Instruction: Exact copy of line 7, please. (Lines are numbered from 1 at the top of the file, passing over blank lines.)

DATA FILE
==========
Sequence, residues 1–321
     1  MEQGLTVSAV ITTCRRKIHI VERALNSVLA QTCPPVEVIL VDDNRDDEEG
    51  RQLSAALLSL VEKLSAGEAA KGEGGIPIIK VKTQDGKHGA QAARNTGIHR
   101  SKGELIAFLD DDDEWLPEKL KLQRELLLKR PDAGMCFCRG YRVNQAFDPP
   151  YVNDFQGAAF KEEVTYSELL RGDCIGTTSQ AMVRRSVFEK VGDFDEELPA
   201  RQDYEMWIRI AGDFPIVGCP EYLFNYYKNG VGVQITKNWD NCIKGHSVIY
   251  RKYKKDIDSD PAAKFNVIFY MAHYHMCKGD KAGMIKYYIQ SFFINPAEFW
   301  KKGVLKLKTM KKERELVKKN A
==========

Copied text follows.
   251  RKYKKDIDSD PAAKFNVIFY MAHYHMCKGD KAGMIKYYIQ SFFINPAEFW